17 But if you call yourself a Jew and rely on the law and boast in God 18 and know his will and approve what is excellent, because you are instructed from the law; 19 and if you are sure that you yourself are a guide to the blind, a light to those who are in darkness, 20 an instructor of the foolish, a teacher of children, having in the law the embodiment of knowledge and truth— 21 you then who teach others, do you not teach yourself? While you preach against stealing, do you steal? 22 You who say that one must not commit adultery, do you commit adultery? You who abhor idols, do you rob temples? 23 You who boast in the law dishonor God by breaking the law. 24 For, as it is written, “The name of God is blasphemed among the Gentiles because of you.”
There is such a thing as having a head knowledge of the Word of God and not a heart knowledge. It is possible to honor God with your lips, but have a heart that is far from him. This was the situation with the Jews in general and the religious leaders in particular. They knew the letter of the Law. They could quote it to you forwards and backwards. They made every effort to display themselves as righteous as they held to every jot and tittle of the Law.
Despite their efforts of obedience they lacked the one thing that made all their effort worthless, they lacked faith. They lacked a faith and trust in God that made the Law a joy instead of a burden. They lacked the trust in the grace and mercy of God’s salvation apart from the Law. They lacked a true heart for God.
Our hearts are no different. We can easily find ourselves drifting into a life that becomes filled with “rituals” from our knowledge of God, but we no longer have a heart for God. This is a danger we all face. John Piper explains this potential problem and the solution in this way:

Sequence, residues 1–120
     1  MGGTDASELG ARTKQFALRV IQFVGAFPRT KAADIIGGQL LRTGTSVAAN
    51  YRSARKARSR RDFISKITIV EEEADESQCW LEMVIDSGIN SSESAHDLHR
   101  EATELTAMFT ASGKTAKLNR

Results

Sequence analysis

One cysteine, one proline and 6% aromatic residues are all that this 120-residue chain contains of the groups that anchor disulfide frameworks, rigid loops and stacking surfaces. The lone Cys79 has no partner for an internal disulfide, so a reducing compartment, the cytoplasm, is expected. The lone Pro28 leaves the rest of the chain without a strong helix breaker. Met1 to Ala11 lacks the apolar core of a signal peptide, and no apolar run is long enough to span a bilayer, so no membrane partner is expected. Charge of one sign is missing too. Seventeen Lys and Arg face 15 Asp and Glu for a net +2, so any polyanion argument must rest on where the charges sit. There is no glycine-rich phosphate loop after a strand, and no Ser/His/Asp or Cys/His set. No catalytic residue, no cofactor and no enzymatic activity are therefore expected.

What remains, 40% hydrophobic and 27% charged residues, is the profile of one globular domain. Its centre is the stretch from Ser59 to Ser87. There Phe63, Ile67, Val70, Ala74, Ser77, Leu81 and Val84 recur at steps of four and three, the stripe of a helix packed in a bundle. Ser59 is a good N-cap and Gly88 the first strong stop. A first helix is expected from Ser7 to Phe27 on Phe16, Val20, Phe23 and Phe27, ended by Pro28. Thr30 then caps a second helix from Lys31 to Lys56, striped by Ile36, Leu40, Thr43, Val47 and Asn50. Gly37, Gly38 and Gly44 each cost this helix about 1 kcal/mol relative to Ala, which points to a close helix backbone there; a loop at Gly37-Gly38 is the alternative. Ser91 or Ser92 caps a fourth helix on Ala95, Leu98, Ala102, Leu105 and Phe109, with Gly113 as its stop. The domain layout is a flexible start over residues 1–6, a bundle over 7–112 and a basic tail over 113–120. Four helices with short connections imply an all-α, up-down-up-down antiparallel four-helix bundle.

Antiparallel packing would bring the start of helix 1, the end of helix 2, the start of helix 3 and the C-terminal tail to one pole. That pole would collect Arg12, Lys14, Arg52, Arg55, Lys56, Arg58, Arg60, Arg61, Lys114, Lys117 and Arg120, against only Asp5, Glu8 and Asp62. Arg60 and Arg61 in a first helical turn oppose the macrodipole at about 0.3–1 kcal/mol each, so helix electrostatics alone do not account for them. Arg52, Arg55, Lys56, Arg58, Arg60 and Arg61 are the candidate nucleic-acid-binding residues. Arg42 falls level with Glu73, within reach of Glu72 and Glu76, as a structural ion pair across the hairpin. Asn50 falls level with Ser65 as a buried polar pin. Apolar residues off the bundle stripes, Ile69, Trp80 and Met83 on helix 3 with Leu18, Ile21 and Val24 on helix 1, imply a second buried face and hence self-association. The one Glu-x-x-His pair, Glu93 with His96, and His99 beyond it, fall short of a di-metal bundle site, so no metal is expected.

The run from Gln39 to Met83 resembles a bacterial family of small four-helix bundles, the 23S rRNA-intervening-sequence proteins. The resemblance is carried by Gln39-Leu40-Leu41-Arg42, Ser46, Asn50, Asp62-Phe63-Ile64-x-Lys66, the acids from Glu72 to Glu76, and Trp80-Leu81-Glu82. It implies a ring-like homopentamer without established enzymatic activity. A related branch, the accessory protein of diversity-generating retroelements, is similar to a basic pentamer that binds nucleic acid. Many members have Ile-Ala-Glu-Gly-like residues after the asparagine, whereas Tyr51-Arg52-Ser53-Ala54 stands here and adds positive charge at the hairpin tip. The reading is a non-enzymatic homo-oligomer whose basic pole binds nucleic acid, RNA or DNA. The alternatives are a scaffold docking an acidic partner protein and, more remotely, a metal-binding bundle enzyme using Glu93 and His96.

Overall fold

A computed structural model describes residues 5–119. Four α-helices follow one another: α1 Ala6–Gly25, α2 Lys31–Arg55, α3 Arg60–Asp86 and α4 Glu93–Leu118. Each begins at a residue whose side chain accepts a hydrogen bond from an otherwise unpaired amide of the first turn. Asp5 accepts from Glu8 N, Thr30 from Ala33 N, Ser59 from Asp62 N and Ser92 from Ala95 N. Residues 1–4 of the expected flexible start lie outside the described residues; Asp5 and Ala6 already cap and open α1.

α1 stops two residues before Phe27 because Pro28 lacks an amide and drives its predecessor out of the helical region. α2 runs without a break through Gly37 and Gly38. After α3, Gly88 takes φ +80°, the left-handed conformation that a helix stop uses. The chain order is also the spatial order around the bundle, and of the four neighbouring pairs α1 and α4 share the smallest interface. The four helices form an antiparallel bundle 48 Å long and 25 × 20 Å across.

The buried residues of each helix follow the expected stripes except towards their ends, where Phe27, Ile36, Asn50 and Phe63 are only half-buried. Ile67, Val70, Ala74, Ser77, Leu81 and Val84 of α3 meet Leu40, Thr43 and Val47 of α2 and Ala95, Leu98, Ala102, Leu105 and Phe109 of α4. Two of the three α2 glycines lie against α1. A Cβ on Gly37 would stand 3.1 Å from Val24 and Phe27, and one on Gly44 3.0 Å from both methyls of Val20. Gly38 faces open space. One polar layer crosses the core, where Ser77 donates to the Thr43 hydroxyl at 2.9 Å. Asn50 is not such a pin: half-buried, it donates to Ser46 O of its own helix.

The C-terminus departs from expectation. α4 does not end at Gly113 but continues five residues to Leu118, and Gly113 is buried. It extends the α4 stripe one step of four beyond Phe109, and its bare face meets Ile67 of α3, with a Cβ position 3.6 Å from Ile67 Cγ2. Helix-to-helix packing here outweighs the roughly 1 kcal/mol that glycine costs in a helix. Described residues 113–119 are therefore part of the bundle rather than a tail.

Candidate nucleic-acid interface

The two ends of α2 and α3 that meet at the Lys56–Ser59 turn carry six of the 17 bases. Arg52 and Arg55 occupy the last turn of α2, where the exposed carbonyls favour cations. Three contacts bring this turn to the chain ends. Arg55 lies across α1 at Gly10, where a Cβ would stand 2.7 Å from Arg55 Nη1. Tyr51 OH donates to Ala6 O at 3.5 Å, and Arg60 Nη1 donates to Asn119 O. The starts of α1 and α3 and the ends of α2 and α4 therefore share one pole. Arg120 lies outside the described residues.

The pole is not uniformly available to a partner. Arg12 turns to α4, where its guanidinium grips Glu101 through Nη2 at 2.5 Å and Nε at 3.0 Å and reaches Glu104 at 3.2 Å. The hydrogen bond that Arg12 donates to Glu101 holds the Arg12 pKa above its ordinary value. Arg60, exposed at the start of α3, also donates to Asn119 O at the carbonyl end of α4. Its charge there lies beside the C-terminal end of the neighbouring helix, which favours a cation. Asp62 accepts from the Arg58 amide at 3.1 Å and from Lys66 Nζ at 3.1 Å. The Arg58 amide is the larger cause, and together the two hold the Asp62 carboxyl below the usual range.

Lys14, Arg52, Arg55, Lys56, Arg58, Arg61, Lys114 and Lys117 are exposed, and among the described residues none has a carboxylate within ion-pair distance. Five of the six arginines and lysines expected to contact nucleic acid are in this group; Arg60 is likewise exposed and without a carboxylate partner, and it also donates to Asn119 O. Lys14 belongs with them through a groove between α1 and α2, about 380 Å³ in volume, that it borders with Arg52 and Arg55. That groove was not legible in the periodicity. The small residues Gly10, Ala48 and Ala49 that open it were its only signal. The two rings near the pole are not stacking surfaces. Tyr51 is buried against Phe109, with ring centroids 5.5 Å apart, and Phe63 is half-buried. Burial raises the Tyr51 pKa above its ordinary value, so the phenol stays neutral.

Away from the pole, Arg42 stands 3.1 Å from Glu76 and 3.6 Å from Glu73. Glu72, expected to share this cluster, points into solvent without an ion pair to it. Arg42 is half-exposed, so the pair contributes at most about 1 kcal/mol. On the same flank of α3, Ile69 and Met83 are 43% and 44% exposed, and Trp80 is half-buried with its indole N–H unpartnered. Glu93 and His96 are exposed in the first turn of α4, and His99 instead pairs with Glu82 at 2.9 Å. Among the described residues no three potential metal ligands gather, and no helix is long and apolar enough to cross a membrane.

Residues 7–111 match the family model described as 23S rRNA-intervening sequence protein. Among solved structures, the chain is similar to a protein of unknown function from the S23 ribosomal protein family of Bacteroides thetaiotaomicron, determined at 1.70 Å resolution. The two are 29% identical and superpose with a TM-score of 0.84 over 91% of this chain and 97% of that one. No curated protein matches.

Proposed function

Now here is the warning and the gospel invitation – mainly for me, but also for you. Let us be careful – O so watchful and careful – all of us lovers of the Bible. Beware lest we rest in the Word and boast in God and know his will and approve what is excellent and guide the blind and correct the foolish and teach the immature, but do not teach ourselves. Beware lest the Word become a formal thing. An external thing.
If it does not break us, if it does not humble us, if it does not lead us to a sweet, childlike trust in free grace – in other words, if it does not lead us to the Gospel of justification by grace, through faith in Christ – then we are not yet taught by the Word of God, and are not fit to teach others. Woe to me and other teachers and preachers – lovers of the Book – who have in the Word of God the embodiment of knowledge and truth, but only know the letter of the Law and not the Spirit – who only know the form of righteousness and not the righteousness that comes by faith.
Be lovers of the Book, but be also lovers of the God of the Book.